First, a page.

BDD UMEAs suitable for use in electrochemical sensors were prepared by a microfabrication technique. Topographical characterization and detailed electrochemical study on individual UMEs were carried out. In electrochemical tests, the UMEs exhibited low background currents, almost theoretical steady state limiting currents and fast electron transfer rates (close to 0.01 cm·s−1). Further improvement in these two values can be achieved through EC activation. Although several of the UMEs failed to exhibit a BDD response, those can be easily discriminated and the process is currently being improved to completely eliminate such a failure rate. The long term goal of our work is ultimately to develop biosensing platforms for the monitoring of neural activities for electrophysiology.
The authors would like to thank the French National Research Agency and the ITMO Institute for funding of part of this research via the MEDINAS project (ANR-07-TECSAN-014) and the IMPLANTS project, respectively.
- Stulik, K.; Amatore, C.; Holub, K.; Marecek, V.; Kutner, W. Microelectrodes. Definitions, characterization, and applications. Pure Appl. Chem. 2000, 72, 1483–1492. [Google Scholar]
- Niwa, O.; Xu, Y.; Halsall, H.B.; Heineman, W.R. Small-volume voltammetric detection of 4-aminophenol with interdigitated array electrodes and its application to electrochemical enzyme immunoassay. Anal. Chem. 1993, 65, 1559–1563. [Google Scholar]
- Kounaves, S.P.; Deng, W.; Hallock, P.R. Iridium-based ultramicroelectrode array fabricated by microlithography. Anal. Chem. 1994, 66, 418–423. [Google Scholar]
- Yano, T.; Tryk, D.A.; Hashimoto, K.; Fujishima, A. Electrochemical behavior of highly conductive boron-doped diamond electrodes for oxygen reduction in alkaline solution. J. Electrochem. Soc. 1998, 145, 1870–1876. [Google Scholar]
- Swain, G.M. The electrochemical activity of boron-doped polycrystalline diamond thin film electrodes. Anal. Chem. 1993, 65, 345–351. [Google Scholar]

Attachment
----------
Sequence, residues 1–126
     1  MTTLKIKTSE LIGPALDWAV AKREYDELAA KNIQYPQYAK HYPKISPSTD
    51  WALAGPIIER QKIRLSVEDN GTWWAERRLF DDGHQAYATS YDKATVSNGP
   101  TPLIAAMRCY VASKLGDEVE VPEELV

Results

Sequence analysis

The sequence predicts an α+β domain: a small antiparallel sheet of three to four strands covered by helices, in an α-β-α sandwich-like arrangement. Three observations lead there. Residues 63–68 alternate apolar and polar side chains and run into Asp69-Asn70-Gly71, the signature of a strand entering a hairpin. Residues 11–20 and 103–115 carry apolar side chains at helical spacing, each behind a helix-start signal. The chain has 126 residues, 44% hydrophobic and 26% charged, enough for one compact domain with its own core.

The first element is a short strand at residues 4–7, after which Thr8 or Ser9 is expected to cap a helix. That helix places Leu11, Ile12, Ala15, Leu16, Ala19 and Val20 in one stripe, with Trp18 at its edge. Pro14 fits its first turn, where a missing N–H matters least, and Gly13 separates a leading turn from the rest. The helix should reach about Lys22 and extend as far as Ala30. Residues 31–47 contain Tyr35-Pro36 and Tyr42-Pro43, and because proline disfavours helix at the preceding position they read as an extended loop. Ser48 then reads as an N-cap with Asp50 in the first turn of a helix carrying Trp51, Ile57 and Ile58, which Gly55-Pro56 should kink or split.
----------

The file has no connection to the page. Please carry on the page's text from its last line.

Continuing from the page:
- Panizza, M.; Cerisola, G. Application of diamond electrodes to electrochemical processes. Electrochim. Acta 2005, 51, 191–199. [Google Scholar]
- Soh, K.L.; Kang, W.P.; Davidson, J.L.; Basu, S.; Wong, Y.M.; Cliffel, D.E.; Bonds, A.B.; Swain, G.M. Diamond-derived microelectrodes array for electrochemical analysis. Diam. Relat. Mater. 2004, 13, 2009–2015. [Google Scholar]
- Lawrence, N.S.; Pagels, M.; Meredith, A.; Jones, T.G.J.; Hall, C.E.; Pickles, C.S.J.; Godfried, H.P.; Banks, C.E.; Compton, R.G.; Jiang, L. Electroanalytical applications of boron-doped diamond microelectrode arrays. Talanta 2006, 69, 829–834. [Google Scholar]
- Tian, R.; Zhi, J. Fabrication and electrochemical properties of boron-doped diamond film—Gold nanoparticle array hybrid electrode. Electrochem. Commun. 2007, 9, 1120–1126. [Google Scholar]
- Pagels, M.; Hall, C.E.; Lawrence, N.S.; Meredith, A.; Jones, T.G.J.; Godfried, H.P.; Pickles, C.S.J.; Wilman, J.; Banks, C.E.; Compton, R.G.; et al. All-diamond microelectrode array device. Anal. Chem. 2005, 77, 3705–3708. [Google Scholar]
- Shin, D.; Sarada, B.V.; Tryk, D.A.; Fujishima, A.; Wang, J. Application of diamond microelectrodes for end-column electrochemical detection in capillary electrophoresis. Anal. Chem. 2003, 75, 530–534. [Google Scholar]
- Khamis, D.; Mahé, E.; Dardoize, F.; Devilliers, D. Peroxodisulfate generation on boron-doped diamond microelectrodes array and detection by scanning electrochemical microscopy. J. Appl. Electrochem. 2010, 40, 1829–1838. [Google Scholar]